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Tuesday, 28 January 2014

Poland II : Wieliczka Salt Mines & Krakow Jewish Quarters

After last weeks rather sinister and foreboding post, this one will hopefully have a slightly happier feel to it as I put up the last few photos from the trip to Poland. Which included visits to their
salt mines and to the Jewish quarters, with a slice of Jewish cake in the cafe where Steven Spielberg often sat whilst writing for Schindler's List (a film added to my must-watch list!). A little less text for this one with a fair few photos, which will please my sister who usually has the pleasure of quickly proof-reading before I post.

As before, diary extracts are written in italics.

Wieliczka Salt Mines

I peer over the shoulders of the passengers to watch out of the front windows. Brand new apartments sit next to buildings half torn down and derelict, their insides spilling across the neighbouring land. Small, tatty sheds for homes sit amongst the bare woodland. A grey haze rests across the sun. 

The bus ride to the salt mines allowed us to see more of the suburbs of Krakow, and gave us another chance to try to navigate the local transport. We met a Brazilian woman travelling with her son. Her son was six, and she was travelling Europe with him, alone. I thought this was incredibly brave and inspiring of her.

Looking down through the 360+ steps to the bottom of the shaft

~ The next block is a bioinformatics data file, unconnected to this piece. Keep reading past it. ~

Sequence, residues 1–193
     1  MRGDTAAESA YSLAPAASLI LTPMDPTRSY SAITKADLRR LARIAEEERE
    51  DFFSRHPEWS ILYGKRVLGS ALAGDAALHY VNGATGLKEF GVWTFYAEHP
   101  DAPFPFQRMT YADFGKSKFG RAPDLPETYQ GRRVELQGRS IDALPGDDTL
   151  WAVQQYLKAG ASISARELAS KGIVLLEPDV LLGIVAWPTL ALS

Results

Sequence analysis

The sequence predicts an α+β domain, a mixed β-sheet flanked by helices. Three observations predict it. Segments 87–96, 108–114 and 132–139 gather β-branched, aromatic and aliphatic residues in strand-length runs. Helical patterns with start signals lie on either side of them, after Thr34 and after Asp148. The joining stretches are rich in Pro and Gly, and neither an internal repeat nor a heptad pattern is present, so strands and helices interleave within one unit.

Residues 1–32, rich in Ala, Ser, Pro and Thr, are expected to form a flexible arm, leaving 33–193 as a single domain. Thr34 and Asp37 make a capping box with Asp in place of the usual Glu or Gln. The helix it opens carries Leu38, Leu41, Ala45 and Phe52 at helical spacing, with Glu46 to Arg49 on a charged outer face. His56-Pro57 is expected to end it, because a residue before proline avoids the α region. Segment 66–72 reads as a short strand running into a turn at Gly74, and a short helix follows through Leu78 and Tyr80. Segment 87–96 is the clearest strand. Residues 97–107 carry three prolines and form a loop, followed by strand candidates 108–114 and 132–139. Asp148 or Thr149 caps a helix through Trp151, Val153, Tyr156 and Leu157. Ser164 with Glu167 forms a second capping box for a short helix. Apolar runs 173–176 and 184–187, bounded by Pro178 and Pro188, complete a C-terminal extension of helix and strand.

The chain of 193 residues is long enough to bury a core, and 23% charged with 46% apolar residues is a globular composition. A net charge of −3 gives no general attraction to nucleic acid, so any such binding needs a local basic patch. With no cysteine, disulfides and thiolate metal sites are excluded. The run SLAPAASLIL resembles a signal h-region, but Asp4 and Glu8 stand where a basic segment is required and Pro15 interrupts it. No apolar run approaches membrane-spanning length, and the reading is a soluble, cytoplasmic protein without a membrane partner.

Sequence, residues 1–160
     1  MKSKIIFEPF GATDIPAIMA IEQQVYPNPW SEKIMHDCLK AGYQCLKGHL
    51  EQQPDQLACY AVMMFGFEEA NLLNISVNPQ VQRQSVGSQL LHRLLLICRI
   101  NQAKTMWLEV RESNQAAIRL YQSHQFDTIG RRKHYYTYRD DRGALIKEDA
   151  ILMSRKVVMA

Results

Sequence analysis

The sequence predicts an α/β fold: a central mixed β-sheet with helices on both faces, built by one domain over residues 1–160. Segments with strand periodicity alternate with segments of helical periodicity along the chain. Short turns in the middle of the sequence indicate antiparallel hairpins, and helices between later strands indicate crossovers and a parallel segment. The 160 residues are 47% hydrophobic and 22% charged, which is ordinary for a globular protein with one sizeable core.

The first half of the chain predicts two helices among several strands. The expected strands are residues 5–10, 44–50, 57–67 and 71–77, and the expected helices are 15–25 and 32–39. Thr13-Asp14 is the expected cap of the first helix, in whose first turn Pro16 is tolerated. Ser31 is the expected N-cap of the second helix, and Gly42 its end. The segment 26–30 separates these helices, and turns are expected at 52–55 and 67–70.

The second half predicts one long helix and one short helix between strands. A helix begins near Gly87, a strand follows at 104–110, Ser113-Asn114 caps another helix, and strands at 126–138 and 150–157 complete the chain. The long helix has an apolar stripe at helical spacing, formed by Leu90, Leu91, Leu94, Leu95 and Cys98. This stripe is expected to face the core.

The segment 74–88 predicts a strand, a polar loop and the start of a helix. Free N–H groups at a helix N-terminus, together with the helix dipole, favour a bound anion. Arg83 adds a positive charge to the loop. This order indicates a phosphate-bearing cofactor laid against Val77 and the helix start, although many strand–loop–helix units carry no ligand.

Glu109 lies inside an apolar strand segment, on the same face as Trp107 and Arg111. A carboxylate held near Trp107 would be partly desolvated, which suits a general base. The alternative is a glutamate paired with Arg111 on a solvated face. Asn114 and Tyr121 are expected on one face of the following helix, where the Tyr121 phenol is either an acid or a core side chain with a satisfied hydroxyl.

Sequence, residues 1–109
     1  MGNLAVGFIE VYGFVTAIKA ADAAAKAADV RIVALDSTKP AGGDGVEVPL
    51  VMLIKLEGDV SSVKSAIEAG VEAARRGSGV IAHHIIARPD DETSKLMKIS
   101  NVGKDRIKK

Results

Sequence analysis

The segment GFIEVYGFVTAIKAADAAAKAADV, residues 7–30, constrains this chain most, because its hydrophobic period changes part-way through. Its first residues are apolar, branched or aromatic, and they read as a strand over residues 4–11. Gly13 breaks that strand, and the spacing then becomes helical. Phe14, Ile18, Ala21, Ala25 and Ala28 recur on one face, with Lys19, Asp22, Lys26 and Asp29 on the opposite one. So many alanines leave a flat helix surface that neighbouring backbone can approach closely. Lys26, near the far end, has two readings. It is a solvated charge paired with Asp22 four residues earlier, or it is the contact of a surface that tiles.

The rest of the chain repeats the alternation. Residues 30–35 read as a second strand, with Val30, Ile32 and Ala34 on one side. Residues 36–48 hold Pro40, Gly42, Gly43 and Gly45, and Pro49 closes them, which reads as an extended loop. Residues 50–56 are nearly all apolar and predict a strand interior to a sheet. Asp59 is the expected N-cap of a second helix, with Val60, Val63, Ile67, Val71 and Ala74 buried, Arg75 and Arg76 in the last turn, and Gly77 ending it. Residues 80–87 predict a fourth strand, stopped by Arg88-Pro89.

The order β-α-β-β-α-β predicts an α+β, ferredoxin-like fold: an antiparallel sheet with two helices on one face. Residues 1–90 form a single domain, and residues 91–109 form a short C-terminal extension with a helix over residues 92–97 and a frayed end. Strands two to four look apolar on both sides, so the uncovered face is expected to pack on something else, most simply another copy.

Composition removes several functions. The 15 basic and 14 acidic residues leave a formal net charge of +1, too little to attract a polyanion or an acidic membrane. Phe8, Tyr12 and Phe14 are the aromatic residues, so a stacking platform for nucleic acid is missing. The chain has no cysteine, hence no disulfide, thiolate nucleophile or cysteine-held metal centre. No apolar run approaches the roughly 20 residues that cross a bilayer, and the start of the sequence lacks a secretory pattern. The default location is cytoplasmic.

The salt mines were built in the 13th Century, where people carved into the solid walls of salt with hand tools, extracting it for table salt. The mines were a dangerous place, dark and damp, with build ups of gas that could kill.

Wheels of an old cart, used to push lumps of salt around the salt tunnels

The salt does not look like the classic table salt we season our food with until it comes into contact with moisture. From solid, grey rock into a white 'cauliflower' of salt crystals. I licked the walls, and tasted the stream of water that run through the mines. As I expected, being made up entirely of salt deposited by a sea over 13 million years ago, the walls and water tasted just like salt. And left me needing a good helping of fresh water. 

Cauliflower encrusted salt walls

The saline lake - 100% saturated salt water. For perspective; the Dead Sea has a salinity of ~34%

Incredibly, some of the old chambers have been transformed by workers and artists that have carved into the walls. Statues, scenery and animals have been shaped into the solid salt. The underground cathedral was stunning. Everything made of salt, even the crystals on the chandeliers. The place made me wonder why people go to such lengths to create places and artwork of such intricate and incredible beauty, on such grand scales. These people believed so strongly in their religions that they dedicated so much of their lives to producing such places of worship and inspiration.

The underground salt Cathedral

Salt chandeliers

The last cavern before we exited

The rusty old lift flew up through the mine shaft from about 160 metres to surface level. And to think this place goes to well over 360 metres below the surface, is a genuinely amazing feat of engineering. The mines are still active today, and form one of the oldest working mines in the world. 

 Jewish Quarters

Disappointed there were no apple pancakes for breakfast this morning. Had to make do with cereal, yoghurt, sausage, egg and biscuits instead. Last night was the first time it felt cold here, a feeling I had expected to feel more of. 

We walked along the river and into the Jewish Quarters. The river flows with a film of iridescence shimmering on its surface. We stop at a bakery and get a lump of traditional polish cake, no idea what it is called, and ate as we walked.